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Beyond the four-minute plank

By Jo Cordell-Cooper*

 

IT was eight years ago that I attended a mind changing and thought-provoking lecture on the value of core workouts.

I attended with curiosity because as a fit and sporty person, I did wonder why I was so stiff around my spine.

Within 90 minutes I had all the answers – within five minutes I was thinking, “well now that you mention it, that’s pretty obvious.”

If you’ve ever stepped into a gym or watched an exercise video, you will no doubt have been told to “lock on your core” – this will protect your back, we were told.

Locking on the core refers to drawing in the belly “as if someone is about to punch you” and I would have to say it is the most overused cue ever to leave the lips of our well-meaning fitness instructors.

So, what is the point of locking on the core.

From the lecture I attended, locking the core is best used when lifting something unpredictable like a wriggling child, or something particularly heavy.

At other times, let the core move as it wishes (unless recovering from an injury – then the rules change).

We really should be letting the core do what it is designed to do – that is hold us upright, to move, bend, twist and transfer power from the legs to the arms, or vice versa.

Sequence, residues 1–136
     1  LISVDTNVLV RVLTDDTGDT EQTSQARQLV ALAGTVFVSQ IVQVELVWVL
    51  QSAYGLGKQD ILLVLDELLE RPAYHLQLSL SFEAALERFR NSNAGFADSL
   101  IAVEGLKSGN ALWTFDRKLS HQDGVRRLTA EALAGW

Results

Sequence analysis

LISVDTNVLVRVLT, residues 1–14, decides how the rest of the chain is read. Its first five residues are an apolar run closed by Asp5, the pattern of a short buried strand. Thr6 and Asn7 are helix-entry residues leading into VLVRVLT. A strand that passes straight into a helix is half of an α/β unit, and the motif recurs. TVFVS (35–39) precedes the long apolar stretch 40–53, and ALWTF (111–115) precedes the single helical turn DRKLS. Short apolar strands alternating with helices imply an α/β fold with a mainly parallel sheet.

It can be held rigid, but rigidity can set in.

This is what I believe had happened to me by locking on the core too much and over many years.

My back and torso had become stiff, and it took a few years to undo this.

So, this brings me to the point of this article – what is the value of doing a plank exercise for longer and longer periods of time?

I recently watched a Facebook thread filled with keen participants wanting to master the four-minute plank.

The person who posted this is an excellent runner so I questioned the merit of holding oneself rigid for four minutes and perhaps do some core conditioning exercise from a standing position that encouraged rotation.

Just think of the torso when you run – the arms and rib cage swing opposite, hand to legs running.

Rigidity in the torso would restrict this.

While runners do need a strong core, I’d prefer to see strength and softness, not strength and stiffness.

My experience as a personal trainer tells me the training needs to match the lifestyle.

So, if you are a rugby player in a scrum, or hanging out on a ladder while your team mates climb over you in some ninja warrior competition, you’ll need to plank – rigidity will serve you well.

But for the rest of us, think on the movements you need like twisting, reaching, pushing and pulling, all while standing.

See your fitness professional for a good selection of core exercises and if they move you towards the four-minute plank, ask them what else they have on offer.

Ask them to take you beyond the four-minute plank.

*Jo Cordell-Cooper is JoCC Holistic PT, an award-winning personal training business focusing on all the elements that make up you and your health. Make contact at jo@jocc.com.au or phone 0409 862 206.